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Disk Compression

by Oscar Sodani
February 26, 2003

Oscar Sodani is a founder of Help2Go and owner of Help2Go Networks, an IT consulting firm in the Washington D.C. area. Oscar holds the CISSP certification as well as industry certifications from Microsoft, Cisco and Novell.

By using hard drive compression utilities, you can effectively double the size of your hard disk. This is a must topic for anyone who has a very small hard drive and an older machine.

With this guide, our aim is to show you:

  • How compression utilities squeeze your files
  • The goods on doubling your hard disks

The Big Squeeze

Have you ever bought a big appliance, like a TV, VCR, or computer, and you didn't want to throw the box away? You just had a sinking feeling that in a year or five years you would move and you would DESPERATELY need that box. Or maybe you were afraid that you would have to return the appliance in a week or two, so you placed the box in the attic.

Well, boxes take a lot of space (and there isn't anybody who couldn't use more space), so the best way to store them is the fold them up and make them flat as a pancake. Much easier to store. The same thing goes for files on your computer. That's how compression was born.

Compression takes all the zeros and ones that make up your computer files and folds them up, making them take up less space. Compression utilities use complex mathematical formulas called algorithms, passing the contents of your file through the math and ending up with something smaller. None of the contents of your file is lost, it's just been replaced with a computer "shorthand". To get your full file back, the utility passes the compressed file through the algorithm backwards. Whammo! You have you old file back, without the shorthand.

Uncompressed file

Compressed file
1110001(8 0s)1110001001(9 0s)10(11 1s)0(16 0s)(6 1s) 0001010001(6 0s)11

This is a simple example -- the mathematical algorithms can do many more "shorthand" substitutions based on patterns it finds in the data. Compression utilities squeeze your files, on average, to 50% their original size. However, it is important to note that once a file is compressed, it almost always must be uncompressed before you use it again in an application like Microsoft Word. That's why most people only compress older files they want to keep but don't use anymore.

Utilities exist that compress your ENTIRE hard drive. One such utility, DriveSpace, is included with Windows 95/98. It can turn your aging 500 megabyte hard drive to a 1 gigabyte paradise. But read on -- paradises are never what they seem.

Doubling Your Drive

Hard drive compression was introduced a decade ago by a company called Stac. Their product, Stacker, promised to double your hard drive with you hardly noticing it was there. Stacker was a very successful product (it worked miracles on my 30-megabytes hard drive), so Microsoft did what it does best: it stole the idea and incorporated it into DOS. Stac sued, and forced Microsoft to remove it, but the damage had been done. Windows 95 included a handy little utility called DriveSpace in its "Accessories" folder, and Stac lost its flagship business.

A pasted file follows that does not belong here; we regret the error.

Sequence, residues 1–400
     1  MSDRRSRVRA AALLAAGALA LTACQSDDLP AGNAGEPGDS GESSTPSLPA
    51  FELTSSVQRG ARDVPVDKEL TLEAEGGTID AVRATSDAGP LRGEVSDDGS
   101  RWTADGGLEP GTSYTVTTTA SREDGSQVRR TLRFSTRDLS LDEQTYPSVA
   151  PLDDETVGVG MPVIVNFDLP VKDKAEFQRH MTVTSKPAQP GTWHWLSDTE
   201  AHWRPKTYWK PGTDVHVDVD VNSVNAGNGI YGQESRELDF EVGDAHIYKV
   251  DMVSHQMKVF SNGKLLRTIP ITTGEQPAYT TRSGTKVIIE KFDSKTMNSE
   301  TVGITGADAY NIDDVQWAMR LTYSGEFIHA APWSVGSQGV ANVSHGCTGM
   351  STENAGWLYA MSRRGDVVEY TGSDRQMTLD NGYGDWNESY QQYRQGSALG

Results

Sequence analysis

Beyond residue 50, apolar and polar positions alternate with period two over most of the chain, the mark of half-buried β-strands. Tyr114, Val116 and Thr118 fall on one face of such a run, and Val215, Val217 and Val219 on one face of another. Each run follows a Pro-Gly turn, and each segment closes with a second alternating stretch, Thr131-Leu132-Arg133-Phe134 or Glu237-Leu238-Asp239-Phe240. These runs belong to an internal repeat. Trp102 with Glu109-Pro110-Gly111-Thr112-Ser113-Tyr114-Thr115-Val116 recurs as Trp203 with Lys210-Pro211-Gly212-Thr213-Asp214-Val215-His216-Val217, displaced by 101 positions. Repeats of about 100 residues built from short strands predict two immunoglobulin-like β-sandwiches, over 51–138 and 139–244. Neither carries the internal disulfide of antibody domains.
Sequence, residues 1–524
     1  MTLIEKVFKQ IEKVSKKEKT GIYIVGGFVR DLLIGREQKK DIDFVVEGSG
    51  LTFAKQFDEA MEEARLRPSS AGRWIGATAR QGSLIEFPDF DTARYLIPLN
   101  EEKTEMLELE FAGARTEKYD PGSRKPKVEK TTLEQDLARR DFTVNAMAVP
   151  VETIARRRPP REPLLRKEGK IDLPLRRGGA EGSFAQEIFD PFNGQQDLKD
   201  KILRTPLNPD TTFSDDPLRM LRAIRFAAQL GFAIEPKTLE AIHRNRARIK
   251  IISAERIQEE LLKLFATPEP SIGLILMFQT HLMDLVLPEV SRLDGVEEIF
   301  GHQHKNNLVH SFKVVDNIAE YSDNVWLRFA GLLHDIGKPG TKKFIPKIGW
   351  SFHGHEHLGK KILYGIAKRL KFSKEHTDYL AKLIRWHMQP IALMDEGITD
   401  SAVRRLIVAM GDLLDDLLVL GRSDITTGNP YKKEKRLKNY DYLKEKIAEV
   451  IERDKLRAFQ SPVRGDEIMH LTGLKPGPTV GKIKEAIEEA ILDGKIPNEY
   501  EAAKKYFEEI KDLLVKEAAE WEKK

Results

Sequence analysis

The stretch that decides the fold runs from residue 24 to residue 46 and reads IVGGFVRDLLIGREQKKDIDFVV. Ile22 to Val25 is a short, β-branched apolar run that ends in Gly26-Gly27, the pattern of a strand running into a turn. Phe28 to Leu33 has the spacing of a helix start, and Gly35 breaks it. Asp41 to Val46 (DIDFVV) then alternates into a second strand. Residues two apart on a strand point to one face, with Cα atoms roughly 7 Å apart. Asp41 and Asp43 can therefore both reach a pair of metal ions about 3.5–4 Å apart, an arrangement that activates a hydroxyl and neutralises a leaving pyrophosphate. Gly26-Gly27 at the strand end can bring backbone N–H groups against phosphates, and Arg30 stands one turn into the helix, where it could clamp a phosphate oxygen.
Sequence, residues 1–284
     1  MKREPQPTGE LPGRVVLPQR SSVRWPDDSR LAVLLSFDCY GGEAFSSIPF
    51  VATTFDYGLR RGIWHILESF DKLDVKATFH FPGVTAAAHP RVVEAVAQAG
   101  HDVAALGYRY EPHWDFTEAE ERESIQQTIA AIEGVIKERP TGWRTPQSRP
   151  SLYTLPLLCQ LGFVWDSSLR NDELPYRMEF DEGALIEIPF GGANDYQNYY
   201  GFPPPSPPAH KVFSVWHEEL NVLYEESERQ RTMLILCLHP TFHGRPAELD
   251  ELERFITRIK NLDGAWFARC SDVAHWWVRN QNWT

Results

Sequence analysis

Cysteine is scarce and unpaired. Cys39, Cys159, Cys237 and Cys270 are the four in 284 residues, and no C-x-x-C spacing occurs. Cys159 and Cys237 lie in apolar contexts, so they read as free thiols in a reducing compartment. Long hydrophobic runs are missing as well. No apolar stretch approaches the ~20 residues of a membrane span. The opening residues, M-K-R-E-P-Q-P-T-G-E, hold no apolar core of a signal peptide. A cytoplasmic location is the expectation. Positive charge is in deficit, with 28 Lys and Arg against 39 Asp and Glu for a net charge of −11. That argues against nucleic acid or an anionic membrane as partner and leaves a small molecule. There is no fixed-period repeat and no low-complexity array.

Macintosh users have their own program, called DiskDoubler, that promises to do the same. Let me come out and say one thing: these programs work. They work very well, and you DO end up with twice the hard drive space. But oh, the pitfalls...

Drive compression works by taking your entire hard drive and "zipping" it up into one large, compressed file using the algorithms described above. It then fools your operating system, be it DOS, Windows, or MacOS, to treat that file as if IT were your hard drive. Due to some early disasters with data corruption and unreliability, Microsoft and others have improved these disk doublers greatly and they are now extremely stable. knew the BUT had to be coming...But the major problem introduced by disk compression is SPEED, or rather, lack of it. Disk compression slows down your hard drives by a noticible margin, because every time you open a file, it has to be decompressed into memory. And everytime you save a file, more memory is taken up by the compression process. Of course, the makers of the software packages advertise that the difference is imperceptible. They lie. The difference is indeed perceptible, and I urge everyone to avoid the call of "disk doubling" of any sort.

Here's why: hard drives are fairly cheap! Huge hard drives can be had for as little as $100, and the amount of spce you get per dollar spent has doubled every year in recent memory. For instance, in 1996 I spent $200 on a 1 gigabyte hard drive. In 1999, I bought 10 gigabytes for $200. Now, you can get more than 120 gigabytes for the same price! Don't slow down your PC with disk compression, if it is anything like mine, it's probably slow enough. The performance hit just isn't worth it.

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